You can find my short story, Dweller Messiah, in the upcoming C.H.U.D. Lives Tribute anthology, coming out early 2018. I’m real proud of this one as C.H.U.D. has always been a favorite 80s horror movie of mine. I’ve seen it countless time. And the table of contents is mind-blowing!
            You can also catch my short story, House of Dandridge, in the Group Hex Vol. 2 anthology, which is was just released! It also has one heck of a lineup of fantastic writers that I’m really excited to be a part of.

The Gal in the Blue Mask:
Where can we find you?  (STaLKeR links.)

Jason White:
You can friend me on Facebook - I'm usually lurking around there somewhere.  Search for darkfiction74 in Facebook's search bar and you'll find me with no problem.  You can also catch me on the main podcast I produce, The Darkness Dwells Podcast.  I'm also on Twitter.

The Gal in the Blue Mask:
Do you have any closing words for your fans or anything you'd like to say that we didn't get to cover in this interview or the last?

Jason White:
A BIG thank you to everyone who enjoys the things I put out there.  I love you guys!


About the author:
Jason White is a writer and podcaster from the frozen lands of Ontario, Canada.  He has interviewed many writers for The Darkness Dwells Podcast, such as Laird Barron and Ramsey CampbellJohn Langan, and John Palisano.  His novel, The Haunted Country, is available on Amazon, Indigo, Barnes & Noble, and anywhere good fiction is sold online.  He has also published 18 short stories in various magazines and anthologies.

 

About the books:
Charlie and his sister, Cindy, are going to die.
            Charlie knows this deep inside his bones.
            The World has become a dark and cold place where the dead have risen and taken over the world.  But they're not the worst threat.  With a small number of the living stumbling around to survive, humanity's biggest problem is itself.  Since the end of civilisation, people have tried to kill or enslave the brother and sister.  Everyone who's tried to take care of them since the dead started rising has died.  They've died horribly.
            It only makes sense that Charlie's and Cindy's number will soon be up, as well.  If the dead don't get them, the living surely will.
            They should already be dead.
            Charlie is only fifteen.  His sister, who's severely mentally handicapped, is twelve.  Together they can barely survive other survivors.  Enter Grant, a gun wielding badass who accidentally saves their lives and then wants nothing to do with them.  A reluctant hero, he eventually decides to take the brother and sister under his wing.  Is he enough to take them where they can live free of the ever hungry dead and other, psychotic survivors?  Or will he join the others who've tried to help only to end up food for the dead?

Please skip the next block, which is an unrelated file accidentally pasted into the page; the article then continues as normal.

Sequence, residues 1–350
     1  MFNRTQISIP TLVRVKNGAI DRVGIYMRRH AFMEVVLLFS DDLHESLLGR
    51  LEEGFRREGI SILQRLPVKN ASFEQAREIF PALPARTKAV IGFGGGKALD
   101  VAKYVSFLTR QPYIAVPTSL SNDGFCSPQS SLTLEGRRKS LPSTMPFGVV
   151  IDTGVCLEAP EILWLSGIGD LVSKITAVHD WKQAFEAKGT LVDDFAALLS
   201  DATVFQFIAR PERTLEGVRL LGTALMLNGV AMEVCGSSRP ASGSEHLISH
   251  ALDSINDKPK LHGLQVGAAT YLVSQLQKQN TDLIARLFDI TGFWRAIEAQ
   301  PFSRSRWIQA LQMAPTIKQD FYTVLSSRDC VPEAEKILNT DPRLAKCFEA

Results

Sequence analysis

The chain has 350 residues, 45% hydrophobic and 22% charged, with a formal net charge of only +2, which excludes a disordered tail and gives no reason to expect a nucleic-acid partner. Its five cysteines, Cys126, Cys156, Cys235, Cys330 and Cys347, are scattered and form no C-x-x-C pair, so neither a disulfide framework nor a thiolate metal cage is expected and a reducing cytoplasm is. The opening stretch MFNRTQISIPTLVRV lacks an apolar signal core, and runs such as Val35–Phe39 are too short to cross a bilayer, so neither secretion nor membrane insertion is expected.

From the twisted mind of new horror writer, Jason White, comes 3 short stories.
            In "Room 118," a young man just graduated from university finds himself working nights as a janitor at his hometown's gymnasium.  He works with a cast of weird characters and a room everyone's obsessed about.
            In "Chemical Burn," Alex accidentally creates a new drug by mixing chemicals at work.  He shares it with his co-workers, but when he discovers how dangerous the drug is, will he be strong enough to overcome its hallucinatory and addictive effects?
            In "Divorce & the Black Cat," Nick's wife wants a divorce, but he is still in love with her.  He's also been unable to control his behavior lately.  It's as though someone or something is taking control of his mind, leaving him a helpless passenger to a life that is going completely insane.
            Enter these strange and eldritch worlds populated with people you will care about and creatures that will make your skin crawl.  Maybe you will find something of yourself breathing within...

From the twisted mind of Jason White are nine previously uncollected stories of isolation, desperation, horror absolute, and despair.  Within these pages you will meet a man who becomes obsessed with a room that whoever enters does not come back out; a woman learns from a demon how to protect herself from the man who's been hunting her; a man who has lost his family to a house fire finds that there are creatures living inside the ruins of what was once his home.  Within you will also find a young couple who see a poster advertising a heavy metal concert and decide to go, but find that the musicians and fans are from the deepest pits of Hell; a woman suffering the loss of her husband in the Afghanistan war finds that her family cottage is haunted with a darkness that looks all too familiar to her own soul; a young janitor creates a new drug by accidentally mixing cleaning chemicals, and when he goes to destroy it, his fellow users are not so enthusiastic to get clean.